Objective: Children with aphakia tend to have decreasing hyperopia as they grow older. No large study of the long-term refractive changes in children with pseudophakia has been published, although myopic shifts of greater than 10 diopters (D) have been reported. The authors used the refractions of children with aphakia and long follow-up to calculate the theoretic long-term refractive effects of pseudophakia.
Design: The study design was a chart review of eyes that underwent cataract surgery before age 10 with documented refractions for more than 7 years.
Participants: Ninety-three eyes were studied.
Intervention: The initial aphakic refractions of the study eyes were used to calculate the intraocular lens (IOL) powers that would have been required to give emmetropia at cataract removal. The aphakic refractions at last follow-up were used to calculate the final pseudophakic refractions, and these were compared with the predictions of a logarithmic model of myopic shift.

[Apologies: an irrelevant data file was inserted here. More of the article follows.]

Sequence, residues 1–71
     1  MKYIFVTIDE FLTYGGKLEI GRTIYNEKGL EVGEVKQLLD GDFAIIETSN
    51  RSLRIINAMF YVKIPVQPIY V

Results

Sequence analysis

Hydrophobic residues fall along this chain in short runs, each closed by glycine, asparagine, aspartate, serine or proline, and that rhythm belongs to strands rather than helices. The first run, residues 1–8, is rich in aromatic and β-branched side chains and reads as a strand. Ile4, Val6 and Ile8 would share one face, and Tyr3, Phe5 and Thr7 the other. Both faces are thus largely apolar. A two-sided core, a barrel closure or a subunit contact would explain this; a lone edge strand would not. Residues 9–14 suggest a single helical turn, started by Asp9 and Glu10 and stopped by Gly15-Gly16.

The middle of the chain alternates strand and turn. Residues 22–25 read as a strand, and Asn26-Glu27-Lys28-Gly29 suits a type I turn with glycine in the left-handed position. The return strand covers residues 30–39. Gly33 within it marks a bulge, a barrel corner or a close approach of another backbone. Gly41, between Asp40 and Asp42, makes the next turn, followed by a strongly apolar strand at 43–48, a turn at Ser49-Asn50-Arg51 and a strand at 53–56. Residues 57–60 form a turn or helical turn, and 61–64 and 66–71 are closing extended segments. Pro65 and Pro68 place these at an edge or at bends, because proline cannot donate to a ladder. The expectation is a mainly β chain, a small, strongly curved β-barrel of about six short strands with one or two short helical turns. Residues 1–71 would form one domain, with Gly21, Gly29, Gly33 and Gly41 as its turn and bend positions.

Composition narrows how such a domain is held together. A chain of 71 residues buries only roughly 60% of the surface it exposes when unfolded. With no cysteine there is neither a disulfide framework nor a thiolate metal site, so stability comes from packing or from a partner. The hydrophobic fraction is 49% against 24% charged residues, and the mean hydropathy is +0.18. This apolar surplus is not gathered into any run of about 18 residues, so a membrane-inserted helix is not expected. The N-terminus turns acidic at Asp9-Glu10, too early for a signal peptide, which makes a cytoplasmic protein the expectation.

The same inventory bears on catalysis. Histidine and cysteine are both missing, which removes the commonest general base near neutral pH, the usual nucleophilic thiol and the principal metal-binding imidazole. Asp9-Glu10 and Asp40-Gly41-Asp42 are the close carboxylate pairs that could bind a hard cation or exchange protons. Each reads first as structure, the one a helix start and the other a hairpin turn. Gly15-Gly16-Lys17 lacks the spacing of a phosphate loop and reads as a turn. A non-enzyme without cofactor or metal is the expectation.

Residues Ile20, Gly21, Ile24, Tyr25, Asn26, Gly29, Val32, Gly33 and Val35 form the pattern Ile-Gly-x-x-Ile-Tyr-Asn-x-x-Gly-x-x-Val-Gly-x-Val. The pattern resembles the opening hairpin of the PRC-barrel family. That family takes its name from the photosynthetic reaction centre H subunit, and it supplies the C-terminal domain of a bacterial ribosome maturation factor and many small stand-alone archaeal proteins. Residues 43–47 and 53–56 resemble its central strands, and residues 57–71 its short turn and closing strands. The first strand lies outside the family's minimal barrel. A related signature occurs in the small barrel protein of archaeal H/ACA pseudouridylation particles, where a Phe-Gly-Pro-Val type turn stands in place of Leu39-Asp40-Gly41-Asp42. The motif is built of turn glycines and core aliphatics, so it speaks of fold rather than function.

Results: The mean follow-up time was 11 years. The median calculated pseudophakic refraction at last follow-up was -6.6 D with a range of -36.3 to +2.9 D. Children who underwent surgery in the first 2 years of life had a substantially greater myopic shift than older children (P < 0.001) and a larger variance in this myopic shift (P < 0.001). The logarithmic model accurately predicted the final refraction within 3 D in 24% of eyes undergoing surgery before 2 years of age and in 77% of eyes undergoing surgery after this age.
Conclusions: Pseudophakia in children is predicted to result in a large quantity of myopic shift, particularly in very young children. An IOL power chosen to leave a child initially hyperopic should lessen both the quantity of myopic shift and the extreme myopia that can result with growth. The surgeon who implants IOLs in young children must be prepared for a wide variation in long-term myopic shift.